Tuesday, March 20, 2007

Binge Photography or How This is NOT Art


GalleryShow, originally uploaded by carolWorldLeader.

The latest rage on Flickr appears to be taking pictures inside of galleries that are showing your work and then uploading these shots into your Flickr stream, to show all your friends you latest show. It's not a bad idea actually, it lets you show off your work but it seems a bit odd to me. Almost like "binge drinking" without the drinking, if we keep taking shots of shots and putting them in galleries, where will it all end? I mean, if I take a shot of my gallery show, upload it to Flickr, and it starts getting hits, is that really art? Or is it something else? Wouldn't it be kind of like super post-modern "meta" art of some kind, you know, that sort of "art about art," not really art for art's sake? All sits kind of weird with me, even though I sometimes cave and do it.

Another "weird-ism" but in a good way happened this week. Seems a favorite photographer of mine, Ken Rosenthal, has been getting quite a lot of write ups on Flickr as well. He's noted for doing quite abstract work, really blurry out-of-focus, direct to memory kind of stuff.

For those of you who don't know, there's a psychological aspect to doing abstract art. Abstraction, you see, (in any kind of art form, not just photography) is sort of like a direct input into the subconscious part of the brain. A person listening to a skat singer, for example, might not be able to make out specific words (like say "cat" if the songs were about "cats") but might actually, because of the way the brain works, be able to come up with a word that rhymes with "cat," like, say "bat." Pretty freaky, eh? It has to do with the way our brains "work," the hemispheres, memory (both short-term and long-term) and all that but, basically, the gist of it is that, by "listening" to a skat singer, it's possible for you to impart meaning (and memory) from what he (or she) is saying without actually making out the words. It's like a short-cut direct into our long term memory banks, avoiding that pesky short-term "multi-tiered" setup, for good or bad. Words, figures, forms, and shapes, all come from one part of our brains, while memories come from another, hence the tomfoolery behind the abstraction.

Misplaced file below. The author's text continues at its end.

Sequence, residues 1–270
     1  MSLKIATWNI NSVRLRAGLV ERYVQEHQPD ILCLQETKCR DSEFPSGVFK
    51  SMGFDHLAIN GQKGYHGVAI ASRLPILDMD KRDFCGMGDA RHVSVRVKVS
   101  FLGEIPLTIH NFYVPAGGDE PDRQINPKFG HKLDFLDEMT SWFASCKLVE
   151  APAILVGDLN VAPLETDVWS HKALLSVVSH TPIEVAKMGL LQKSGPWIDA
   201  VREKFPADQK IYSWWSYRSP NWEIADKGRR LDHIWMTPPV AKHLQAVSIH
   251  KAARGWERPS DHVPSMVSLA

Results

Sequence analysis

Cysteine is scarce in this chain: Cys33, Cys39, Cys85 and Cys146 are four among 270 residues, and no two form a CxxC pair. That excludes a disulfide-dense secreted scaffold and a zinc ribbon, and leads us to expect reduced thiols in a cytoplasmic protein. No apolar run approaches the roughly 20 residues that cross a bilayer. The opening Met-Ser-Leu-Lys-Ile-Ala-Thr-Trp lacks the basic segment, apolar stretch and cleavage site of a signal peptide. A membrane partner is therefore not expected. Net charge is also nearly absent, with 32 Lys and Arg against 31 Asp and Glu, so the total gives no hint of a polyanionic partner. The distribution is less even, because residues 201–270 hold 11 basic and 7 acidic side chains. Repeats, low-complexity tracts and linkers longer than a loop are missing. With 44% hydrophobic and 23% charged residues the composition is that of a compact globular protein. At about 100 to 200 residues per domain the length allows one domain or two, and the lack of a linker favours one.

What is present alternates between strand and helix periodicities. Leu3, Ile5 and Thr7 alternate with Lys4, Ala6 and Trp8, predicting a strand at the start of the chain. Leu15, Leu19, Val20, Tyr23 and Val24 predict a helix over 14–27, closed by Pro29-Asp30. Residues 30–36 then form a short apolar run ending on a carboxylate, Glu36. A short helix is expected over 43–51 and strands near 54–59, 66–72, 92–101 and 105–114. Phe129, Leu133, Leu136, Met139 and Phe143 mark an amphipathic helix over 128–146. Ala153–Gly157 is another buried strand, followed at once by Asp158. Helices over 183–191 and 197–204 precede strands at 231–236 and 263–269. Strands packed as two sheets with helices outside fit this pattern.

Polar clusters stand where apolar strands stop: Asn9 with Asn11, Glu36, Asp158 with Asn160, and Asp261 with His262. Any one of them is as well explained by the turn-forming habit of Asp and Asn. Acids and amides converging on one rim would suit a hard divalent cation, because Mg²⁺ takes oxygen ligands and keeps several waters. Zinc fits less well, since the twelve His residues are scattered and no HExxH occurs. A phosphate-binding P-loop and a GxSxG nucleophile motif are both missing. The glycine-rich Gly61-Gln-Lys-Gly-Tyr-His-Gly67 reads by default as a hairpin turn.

So, when you start getting into abstract art, be it singing, photography, painting, or the like, it's said that people can be divided into four groups:

  • those who get it and like it (whoa! Dude. That's cool!)
  • those who get it and don't like it (quit messing with my head!)
  • those who don't get it and like it (I don't know what it is, but it looks cool!) and
  • those who don't get it and don't like it (I'd rather see a flower. At least, I would know what I was looking at.)

Goes back to that old saying about "can't please everybody all of the time," I guess. Still, Ken's stuff is really neat and worth a second (third, fourth, maybe first all over again, etc.) look.

Until next time...

4 comments:

CraftyGuy said...

Happy first of spring!

Carol said...

Happy equinox to you too. May you not run low of Compact Flash.

Josh said...

What kind of art is it if you take a picture of a picture of your shots, and then put that up on flickr? Is it some sort of ultra-modernistic art?

I don't get it. =P

Carol said...

I'm with you, Josh. I don't get it either. I think it's silly.

If you have a club that does a show and has a website, maybe it makes sense, because you can document the people who came to the show, but the resulting photo would probably not be what I would call "art." More like a snapshot or a photo documenting an event (like news, not art.)

Doesn't really belong in a gallery next to the good stuff.

But then, you know, that's all IMHO. There are so many people doing it now, maybe it's an entire movement!

The "movement of creative people showing off their wall hangings to other, less fortunate, Flicker-ati." (I'm missing out on that one.) Kind of like Picasso's blue period without Picasso (or all that pesky blue stuff.)